Session Username Roles TTY State Duration Auth Remote Host
-------- --------- -------------- ----- ------- ---------- ------- ------------
27 admin network-admin tty1 E 5:10:05 local
33 admin network-admin ssh E 4:34:43 local 192.168.18.1
50 oper netops ssh E 0:02:24 local 192.168.18.1

spine1#
spine1#conf % Authorization denied for command 'configure'
spine1# spine1#conf session
spine1(config-s-sess0)#hostname spine-1
spine1(config-s-sess0)#
spine1(config-s-sess0)#commit
% Authorization denied for command 'commit'
spine1(config-s-sess0)#show configuration sessions
Maximum number of completed sessions:
1 Maximum number of pending sessions:
5 Name State User Terminal
 ----- ------------- ---------- --------
* sess0 pending oper vty6
spine1(config-s-sess0)#end
spine1#

 

A member of the admin team will enter this session and review the changes using “show session-config diffs”.
If he approves the changes, he will verify the difference between the currently running config and the saved copy, using “show run diff” — there should be no difference at this stage. Now he can use “rb” and the time in minutes to set up a delayed roll-back to the currently saved startup-config, and after spanning this safety net he can finally “commit” changes in the config session, making them active.

spine1#show users 
Line User Host(s) Idle Location 
1 tty 1 admin idle 26w5d - 
2 vty 4 admin idle 26w5d 
192.168.18.1 * 3 vty 
6 admin idle 00:00:06 192.168.18.1

spine1#show aaa sessions 
Session Username Roles TTY State Duration Auth Remote Host 
-------- --------- -------------- ----- ------- ---------- ------- ------------ 
27 admin network-admin tty1 E 5:26:20 local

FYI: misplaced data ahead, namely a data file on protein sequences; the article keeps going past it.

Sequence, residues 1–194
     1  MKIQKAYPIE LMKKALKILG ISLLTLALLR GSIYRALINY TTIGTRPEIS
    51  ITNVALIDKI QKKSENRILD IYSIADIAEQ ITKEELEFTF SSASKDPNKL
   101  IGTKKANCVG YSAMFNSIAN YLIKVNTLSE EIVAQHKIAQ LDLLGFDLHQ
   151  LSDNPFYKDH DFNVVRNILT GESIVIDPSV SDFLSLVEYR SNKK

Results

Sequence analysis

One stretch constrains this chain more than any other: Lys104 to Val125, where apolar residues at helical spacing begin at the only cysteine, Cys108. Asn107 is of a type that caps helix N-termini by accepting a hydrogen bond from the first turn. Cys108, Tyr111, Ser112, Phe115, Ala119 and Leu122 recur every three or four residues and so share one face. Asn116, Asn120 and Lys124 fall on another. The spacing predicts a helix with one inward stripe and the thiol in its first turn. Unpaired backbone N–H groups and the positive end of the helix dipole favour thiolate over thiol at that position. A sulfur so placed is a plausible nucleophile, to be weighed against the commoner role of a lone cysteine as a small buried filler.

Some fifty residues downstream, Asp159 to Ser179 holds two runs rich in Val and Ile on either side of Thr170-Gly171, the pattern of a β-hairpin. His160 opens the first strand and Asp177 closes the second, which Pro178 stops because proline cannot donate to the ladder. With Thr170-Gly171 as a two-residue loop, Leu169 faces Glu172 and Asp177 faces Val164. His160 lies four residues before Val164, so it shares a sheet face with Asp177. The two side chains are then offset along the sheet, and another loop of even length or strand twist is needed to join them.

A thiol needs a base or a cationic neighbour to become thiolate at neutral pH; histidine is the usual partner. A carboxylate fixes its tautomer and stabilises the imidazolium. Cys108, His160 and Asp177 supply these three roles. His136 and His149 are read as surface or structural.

33 admin network-admin ssh E 4:50:59 local 192.168.18.1 
51 admin network-admin ssh E 0:00:20 local 192.168.18.1

spine1#config session sess0 
spine1(config-s-sess0)#show session-config diffs 
--- system:/running-config 
+++ session:/sess0-session-config 
@@ -21,7 +21,7 @@ 
! logging host 172.16.130.10 
! 
-hostname spine1 
+hostname spine-1 
ip name-server vrf default 172.16.130.10 
ip domain-name ztps-test.com 
! 
spine1(config-s-sess0)#show run diffs
spine1(config-s-sess0)#rb 5 
spine1(config-s-sess0)#commit 
spine-1#

If everything worked as expected, you can cancel the pending roll-back using "norb":

spine-1#show schedule summary 
Name At time Last Inter\ Max Logfile Location Status time val log (mins) files 
----------- ----------- ----- ------ ----- ----------------------------- ------ 
rollback 20:57:26 - once 1 - Waiting 02/05/2016 
tech-support now 20:52 60 100 flash:/schedule/tech-support/ Success 

spine-1# 
spine-1#show clock 
Fri Feb 5 20:52:57 2016 Timezone: UTC Clock source: local 


spine-1#norb
spine-1#show schedule summary 
Name At time Last Inter\ Max Logfile Location Status time val log (mins) files
 ------------ ------- ----- ------- ------ ------------------------------ ------ 
tech-support now 20:52 60 100 flash:/schedule/tech-support/ Success spine-1#

If something did not work out well, the roll-back will fire at the set time, and you will get notified about it in the syslog and more detailed in the specific scheduler file under "flash:schedule/rollback".

spine1#
spine1# show log 2 
Feb 5 21:10:05 spine1 CapiApp: %SYS-5-CONFIG_REPLACE_SUCCESS: User eapi replaced running configuration with flash:/startup-config successfully on command-api (127.0.0.1) 
Feb 5 21:10:08 spine1 SuperServer: %SYS-7-CLI_SCHEDULER_JOB_COMPLETED: The scheduled CLI execution job 'rollback' completed successfully.Logfile is stored in flash:/schedule/rollback/rollback_2016-02-05.2109.log.gzspine1#

spine1# bash zcat /mnt/flash/schedule/rollback/rollback_2016-02-05.2109.log.gz 
% Total % Received % Xferd Average Speed Time Time Time Current Dload Upload Total Spent Left Speed 
100 241 100 57 100 184 21 68 0:00:02 0:00:02 --:--:-- 
67 {"jsonrpc": "2.0", "result": [{}], "id": "rollback.json"}
spine1#
spine1#